PHP-level Performance Optimization with Blackfire

This article is part of a series on building a sample application — a multi-image gallery blog — for performance benchmarking and optimizations. (View the repo here.)


Throughout the past few months, we’ve introduced Blackfire and ways in which it can be used to detect application performance bottlenecks. In this post, we’ll apply it to our freshly started project to try and find the low-points and low-hanging fruit which we can pick to improve our app’s performance.

If you’re using Homestead Improved (and you should be), Blackfire is already installed.

--ADVERTISEMENT--

While it’s useful to be introduced to Blackfire before diving into this, applying the steps in this post won’t require any prior knowledge; we’ll start from zero.

Setup

The following are useful terms when evaluating graphs produced by Blackfire.

  • Reference Profile: We usually need to run our first profile as a reference profile. This profile will be the performance baseline of our application. We can compare any profile with the reference, to measure the performance achievements.

  • Exclusive Time: The amount of time spent on a function/method to be executed, without considering the time spent for its external calls.

  • Inclusive Time: The total time spent to execute a function including all the external calls.

  • Hot Paths: Hot Paths are the parts of our application that were most active during the profile. These could be the parts that consumed more memory or took more CPU time.

The first step is registering for an account at Blackfire. The account page will have the tokens and IDs which need to be placed into Homestead.yaml after cloning the project. There’s a placeholder for all those values at the bottom:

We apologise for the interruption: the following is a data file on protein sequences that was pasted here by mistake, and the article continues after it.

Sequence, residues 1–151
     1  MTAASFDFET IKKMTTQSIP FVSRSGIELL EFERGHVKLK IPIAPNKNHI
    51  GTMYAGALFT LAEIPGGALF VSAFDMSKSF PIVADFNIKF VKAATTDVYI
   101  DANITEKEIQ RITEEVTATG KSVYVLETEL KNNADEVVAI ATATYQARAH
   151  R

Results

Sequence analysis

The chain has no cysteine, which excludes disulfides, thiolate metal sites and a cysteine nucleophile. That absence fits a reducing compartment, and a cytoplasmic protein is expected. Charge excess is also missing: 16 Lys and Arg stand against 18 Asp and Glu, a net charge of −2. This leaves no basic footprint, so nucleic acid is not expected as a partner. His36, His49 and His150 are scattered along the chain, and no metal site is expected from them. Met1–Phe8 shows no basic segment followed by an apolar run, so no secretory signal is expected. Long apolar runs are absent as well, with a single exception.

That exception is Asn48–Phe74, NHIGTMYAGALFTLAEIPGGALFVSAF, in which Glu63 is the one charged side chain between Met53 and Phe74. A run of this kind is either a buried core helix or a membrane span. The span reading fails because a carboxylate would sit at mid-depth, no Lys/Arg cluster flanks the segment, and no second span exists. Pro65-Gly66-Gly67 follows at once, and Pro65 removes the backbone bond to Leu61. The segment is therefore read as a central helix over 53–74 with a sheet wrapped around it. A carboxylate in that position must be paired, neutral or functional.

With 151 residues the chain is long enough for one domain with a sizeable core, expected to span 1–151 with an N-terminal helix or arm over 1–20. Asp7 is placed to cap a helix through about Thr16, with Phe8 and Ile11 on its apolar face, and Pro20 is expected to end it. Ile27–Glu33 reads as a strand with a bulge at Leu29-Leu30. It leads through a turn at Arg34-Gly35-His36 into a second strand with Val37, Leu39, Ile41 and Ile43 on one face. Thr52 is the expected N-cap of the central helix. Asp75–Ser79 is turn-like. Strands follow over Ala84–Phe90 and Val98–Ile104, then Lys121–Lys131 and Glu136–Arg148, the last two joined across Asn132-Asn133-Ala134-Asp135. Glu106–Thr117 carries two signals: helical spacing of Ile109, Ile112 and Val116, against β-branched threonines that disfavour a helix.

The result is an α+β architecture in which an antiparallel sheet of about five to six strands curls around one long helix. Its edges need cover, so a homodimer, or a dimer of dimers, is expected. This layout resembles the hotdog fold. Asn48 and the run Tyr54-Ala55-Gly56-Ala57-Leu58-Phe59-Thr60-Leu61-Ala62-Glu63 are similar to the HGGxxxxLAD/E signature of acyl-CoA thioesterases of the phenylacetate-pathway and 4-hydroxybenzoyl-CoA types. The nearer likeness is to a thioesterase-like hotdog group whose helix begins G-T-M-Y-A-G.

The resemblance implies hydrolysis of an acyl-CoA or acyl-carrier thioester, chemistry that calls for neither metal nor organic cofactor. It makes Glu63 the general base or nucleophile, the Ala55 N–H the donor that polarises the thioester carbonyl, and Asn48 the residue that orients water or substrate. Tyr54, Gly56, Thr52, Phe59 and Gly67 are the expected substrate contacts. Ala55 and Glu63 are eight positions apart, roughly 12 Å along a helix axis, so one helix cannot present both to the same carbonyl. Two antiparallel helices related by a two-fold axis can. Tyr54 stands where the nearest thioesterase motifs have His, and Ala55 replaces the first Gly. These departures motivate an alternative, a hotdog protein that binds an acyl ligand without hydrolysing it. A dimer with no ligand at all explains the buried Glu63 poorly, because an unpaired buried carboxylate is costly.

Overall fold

# blackfire:
#     - id: foo
#       token: bar
#       client-id: foo
#       client-token: bar

After uncommenting the rows and replacing the values, we need to install the Chrome companion.

The Chrome companion is useful only when needing to trigger profiling manually — which will be the majority of your use cases. There are other integrations available as well, a full list of which can be found here.

Optimization with Blackfire

We’ll test the home page: the landing page is arguably the most important part of any website, and if that takes too long to load, we’re guaranteed to lose our visitors. They’ll be gone before Google Analytics can kick in to register the bounce! We could test pages on which users add images, but read-only performance is far more important than write performance, so we’ll focus on the former.

This version of the app loads all the galleries and sorts them by age.

Testing is simple. We open the page we want to benchmark, click the extension’s button in the browser, and select “Profile!”.

Here’s the resulting graph:

In fact, we can see here that the execution time inclusive to exclusive is 100% on the PDO execution. Specifically, this means that the whole dark pink part is spent inside this function and that this function in particular is not waiting for any other function. This is the function being waited on. Other method calls might have light pink bars far bigger than PDO’s, but those light pink parts are a sum of all the smaller light pink parts of depending functions, which means that looked at individually, those functions aren’t the problem. The dark ones need to be handled first; they are the priority.

Also, switching to RAM mode reveals that while the whole call used almost a whopping 40MB of RAM, the vast majority is in the Twig rendering, which makes sense: it is showing a lot of data, after all.

RAM mode

In the diagram, hot paths have thick borders and generally indicate bottlenecks. Intensive nodes can be part of the hot path, but also be completely outside it. Intensive nodes are nodes a lot of time is spent in for some reason, and can be indicative of problems just as much.

By looking at the most problematic methods and clicking around on relevant nodes, we can identify that PDOExecute is the most problematic bottleneck, while unserialize uses the most RAM relative to other methods. If we apply some detective work and follow the flow of methods calling each other, we’ll notice that both of these problems are caused by the fact that we’re loading the whole set of galleries on the home page. PDOExecute takes forever in memory and wall time to find them and sort them, and Doctrine takes ages and endless CPU cycles to turn them into renderable entities with unserialize to loop through them in a twig template. The solution seems simple — add pagination to the home page!